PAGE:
Because it’s now after 1:00 PM EST on Tuesday, August 17, I am now free to tell you about what I did last Thursday morning: I got to play NBA 2K11.
The game drops in North America on October 5th, so we’re still a ways off from it hitting the market. I enjoyed playing last year’s game, even though it had some flaws. Last week, I only got to play 2K11 for about an hour, so I didn’t have a chance to get very deep into the game or even check out the My Player mode at all. But from what I saw, 2K11 is going to be just as addictive, if not more addictive, than it was last year.
I started by playing the first half of a Heat/Lakers game, and I was given the Heat to use. The game felt a little smoother than 2K10, with less robotic movement from the players than in previous basketball games. To be fair, I really didn’t have much opportunity to check out the AI or playcalling, which are the parts of basketball video games that have always bothered me.
What I did for the remainder of my hour with the game was what really impressed me. By now you’ve probably heard that Michael Jordan is on the cover of 2K11. Well, there’s a game within the game called The Jordan Challenge. In this Challenge, there are ten sequences to play — The Flu Game, The Shrug, and plenty more — where you play as Michael Jordan and are tasked with replicating some of Money’s most famous performances.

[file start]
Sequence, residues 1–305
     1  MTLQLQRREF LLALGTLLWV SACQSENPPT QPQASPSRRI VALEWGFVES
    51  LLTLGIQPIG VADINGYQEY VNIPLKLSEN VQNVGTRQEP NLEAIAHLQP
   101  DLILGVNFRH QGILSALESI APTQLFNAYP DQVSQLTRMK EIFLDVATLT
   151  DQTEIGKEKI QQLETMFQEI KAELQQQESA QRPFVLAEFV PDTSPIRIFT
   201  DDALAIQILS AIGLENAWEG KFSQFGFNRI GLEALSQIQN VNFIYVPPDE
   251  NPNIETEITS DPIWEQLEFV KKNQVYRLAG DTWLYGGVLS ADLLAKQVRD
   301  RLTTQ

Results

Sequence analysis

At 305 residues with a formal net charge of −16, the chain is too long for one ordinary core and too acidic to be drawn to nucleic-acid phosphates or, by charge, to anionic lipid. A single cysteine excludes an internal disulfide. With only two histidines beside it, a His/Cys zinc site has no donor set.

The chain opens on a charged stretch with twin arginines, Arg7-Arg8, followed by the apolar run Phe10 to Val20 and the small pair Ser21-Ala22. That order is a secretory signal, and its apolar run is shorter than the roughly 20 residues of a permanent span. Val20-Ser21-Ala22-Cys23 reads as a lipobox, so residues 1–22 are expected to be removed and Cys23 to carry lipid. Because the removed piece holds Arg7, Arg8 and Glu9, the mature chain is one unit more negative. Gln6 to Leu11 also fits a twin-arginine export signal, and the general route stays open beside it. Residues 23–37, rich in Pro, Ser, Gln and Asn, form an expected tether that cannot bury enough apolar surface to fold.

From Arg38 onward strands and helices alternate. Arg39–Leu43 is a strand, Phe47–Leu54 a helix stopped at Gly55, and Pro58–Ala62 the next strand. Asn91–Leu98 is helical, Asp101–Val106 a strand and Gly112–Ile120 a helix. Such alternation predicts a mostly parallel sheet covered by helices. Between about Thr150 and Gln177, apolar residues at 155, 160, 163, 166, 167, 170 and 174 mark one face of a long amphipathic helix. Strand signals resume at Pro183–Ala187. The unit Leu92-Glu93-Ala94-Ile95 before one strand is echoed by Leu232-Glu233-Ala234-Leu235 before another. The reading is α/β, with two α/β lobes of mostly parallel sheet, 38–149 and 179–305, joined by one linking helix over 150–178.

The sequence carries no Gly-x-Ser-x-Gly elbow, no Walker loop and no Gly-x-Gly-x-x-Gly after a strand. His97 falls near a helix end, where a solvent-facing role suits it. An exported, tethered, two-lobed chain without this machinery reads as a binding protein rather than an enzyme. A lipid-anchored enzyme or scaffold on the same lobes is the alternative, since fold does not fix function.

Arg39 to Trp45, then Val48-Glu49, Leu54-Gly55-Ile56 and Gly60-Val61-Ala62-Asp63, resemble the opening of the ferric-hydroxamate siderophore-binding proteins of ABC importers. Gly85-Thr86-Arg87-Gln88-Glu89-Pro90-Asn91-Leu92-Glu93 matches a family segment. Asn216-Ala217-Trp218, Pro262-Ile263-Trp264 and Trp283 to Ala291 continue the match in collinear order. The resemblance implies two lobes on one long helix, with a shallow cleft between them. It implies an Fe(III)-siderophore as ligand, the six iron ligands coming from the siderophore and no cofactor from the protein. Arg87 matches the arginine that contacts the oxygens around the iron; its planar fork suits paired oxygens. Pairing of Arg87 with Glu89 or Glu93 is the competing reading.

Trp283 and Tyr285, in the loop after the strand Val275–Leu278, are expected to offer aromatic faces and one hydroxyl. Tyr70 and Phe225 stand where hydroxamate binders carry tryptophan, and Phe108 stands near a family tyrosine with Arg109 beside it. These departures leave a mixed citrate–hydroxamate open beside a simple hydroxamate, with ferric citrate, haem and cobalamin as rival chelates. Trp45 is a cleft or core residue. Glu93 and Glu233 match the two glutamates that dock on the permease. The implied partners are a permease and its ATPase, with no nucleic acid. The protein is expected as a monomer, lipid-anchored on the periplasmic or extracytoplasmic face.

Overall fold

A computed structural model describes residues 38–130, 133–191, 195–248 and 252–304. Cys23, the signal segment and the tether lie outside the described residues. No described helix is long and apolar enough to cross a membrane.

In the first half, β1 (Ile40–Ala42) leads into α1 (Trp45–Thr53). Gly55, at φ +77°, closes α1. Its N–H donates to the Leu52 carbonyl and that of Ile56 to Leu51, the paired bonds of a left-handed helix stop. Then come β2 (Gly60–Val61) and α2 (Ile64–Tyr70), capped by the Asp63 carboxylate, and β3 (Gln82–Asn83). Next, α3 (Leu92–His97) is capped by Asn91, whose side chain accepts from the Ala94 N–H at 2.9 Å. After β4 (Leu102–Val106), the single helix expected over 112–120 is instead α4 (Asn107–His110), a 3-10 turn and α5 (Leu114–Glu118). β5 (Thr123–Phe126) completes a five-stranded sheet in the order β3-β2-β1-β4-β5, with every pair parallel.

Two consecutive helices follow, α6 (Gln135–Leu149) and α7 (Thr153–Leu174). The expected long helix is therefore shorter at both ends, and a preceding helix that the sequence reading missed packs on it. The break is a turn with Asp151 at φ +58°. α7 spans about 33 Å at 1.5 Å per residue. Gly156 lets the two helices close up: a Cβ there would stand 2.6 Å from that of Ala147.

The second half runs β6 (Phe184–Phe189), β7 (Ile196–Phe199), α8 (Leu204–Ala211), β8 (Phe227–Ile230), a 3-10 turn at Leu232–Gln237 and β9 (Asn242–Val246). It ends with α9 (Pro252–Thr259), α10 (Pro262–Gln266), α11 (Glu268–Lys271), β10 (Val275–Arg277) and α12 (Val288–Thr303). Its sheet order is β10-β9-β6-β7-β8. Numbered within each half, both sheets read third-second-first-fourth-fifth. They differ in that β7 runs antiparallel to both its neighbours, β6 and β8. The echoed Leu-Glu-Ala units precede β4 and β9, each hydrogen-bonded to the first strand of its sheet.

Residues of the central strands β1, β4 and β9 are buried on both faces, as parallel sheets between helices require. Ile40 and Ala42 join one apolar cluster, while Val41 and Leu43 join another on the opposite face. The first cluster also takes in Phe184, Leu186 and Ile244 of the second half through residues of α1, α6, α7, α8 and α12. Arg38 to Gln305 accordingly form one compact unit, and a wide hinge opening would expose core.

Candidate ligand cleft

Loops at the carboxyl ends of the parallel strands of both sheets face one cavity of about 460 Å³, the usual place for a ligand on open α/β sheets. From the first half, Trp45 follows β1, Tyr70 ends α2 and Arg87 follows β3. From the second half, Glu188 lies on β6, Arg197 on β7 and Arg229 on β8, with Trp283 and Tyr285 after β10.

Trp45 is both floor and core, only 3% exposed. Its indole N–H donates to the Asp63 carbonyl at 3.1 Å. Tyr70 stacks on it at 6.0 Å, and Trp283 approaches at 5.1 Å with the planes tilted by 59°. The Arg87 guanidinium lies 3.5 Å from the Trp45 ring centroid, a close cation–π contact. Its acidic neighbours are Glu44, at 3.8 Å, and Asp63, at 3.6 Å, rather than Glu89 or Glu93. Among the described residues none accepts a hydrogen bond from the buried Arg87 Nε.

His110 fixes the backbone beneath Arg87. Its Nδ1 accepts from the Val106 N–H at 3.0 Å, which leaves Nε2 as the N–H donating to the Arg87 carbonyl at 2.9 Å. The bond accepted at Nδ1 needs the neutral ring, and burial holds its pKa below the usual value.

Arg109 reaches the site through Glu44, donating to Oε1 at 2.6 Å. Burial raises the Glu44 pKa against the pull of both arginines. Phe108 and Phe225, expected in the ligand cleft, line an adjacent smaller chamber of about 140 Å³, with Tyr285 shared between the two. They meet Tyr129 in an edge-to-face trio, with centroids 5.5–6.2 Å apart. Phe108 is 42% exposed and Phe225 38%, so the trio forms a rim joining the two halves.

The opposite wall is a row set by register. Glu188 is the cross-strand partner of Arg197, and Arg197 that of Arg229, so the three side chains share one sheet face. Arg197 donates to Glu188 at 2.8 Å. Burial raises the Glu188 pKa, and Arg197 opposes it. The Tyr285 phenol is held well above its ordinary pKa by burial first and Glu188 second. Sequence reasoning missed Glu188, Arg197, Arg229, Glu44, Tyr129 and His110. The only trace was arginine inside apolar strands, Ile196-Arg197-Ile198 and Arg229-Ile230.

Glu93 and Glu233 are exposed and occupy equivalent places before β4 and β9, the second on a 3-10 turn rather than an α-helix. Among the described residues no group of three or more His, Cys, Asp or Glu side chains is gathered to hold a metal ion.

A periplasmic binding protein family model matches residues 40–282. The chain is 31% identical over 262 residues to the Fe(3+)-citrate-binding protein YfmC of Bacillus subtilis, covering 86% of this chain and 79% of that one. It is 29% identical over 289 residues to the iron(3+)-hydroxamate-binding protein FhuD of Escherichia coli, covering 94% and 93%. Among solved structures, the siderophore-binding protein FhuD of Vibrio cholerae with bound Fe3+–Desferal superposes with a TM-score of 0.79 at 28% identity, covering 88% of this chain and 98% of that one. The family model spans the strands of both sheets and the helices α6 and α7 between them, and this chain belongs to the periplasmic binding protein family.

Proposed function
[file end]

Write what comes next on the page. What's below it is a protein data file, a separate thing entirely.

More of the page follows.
I played the game called “The Arrival,” also known as MJ’s 63-point Playoff outburst as a rookie against the big bad Boston Celtics. To pass this game, you need to at least equal MJ’s 63 points, as well as shoot 50-percent from the floor.
The game wasn’t a perfect replica of MJ’s game in ’86 — for instance, in 2K11 it was set in the new TD Banknorth Garden, not the old Boston Garden — but it was pretty damn close. The players wore short shorts, and the rosters were perfect. So I played as MJ with teammates like Kyle Macy, Dave Corzine and Orlando Woolridge. (Sixth man? George Gervin!) Meanwhile, the Celtics had Bird, Parrish, McHale, DJ, Ainge, etc.
Just having those classic rosters would be enough to get me interested, but the added wrinkle of needing to score 63 made it even more entertaining. MJ in this game is like MJ was at the time — faster, quicker, more athletic than the rest of the guys on the court, and it was fun as heck to play with him. At one point I drove baseline and pump-faked a shot, and the Jordan on-screen executed a one-handed pump-fake while palming the ball, exactly like MJ used to do.
I only had time to play one half of this game and didn’t call any plays, and I scored only 18 points. Seems like I’ll have to put a lot more work into it once the game actually drops in October. (“Sorry, Wifey, I have some work to do!”)
The one question I get from you guys every year is which game to get, 2K11 or EA’s NBA Elite (formerly NBA Live). I haven’t had a chance to play the new Elite, and EA’s making so many changes to the game this year that I don’t think I’m going to have a chance to play it before it actually drops.
But what I do know is that the brief taste I had of The Jordan Challenge alone has me ready for more 2K11.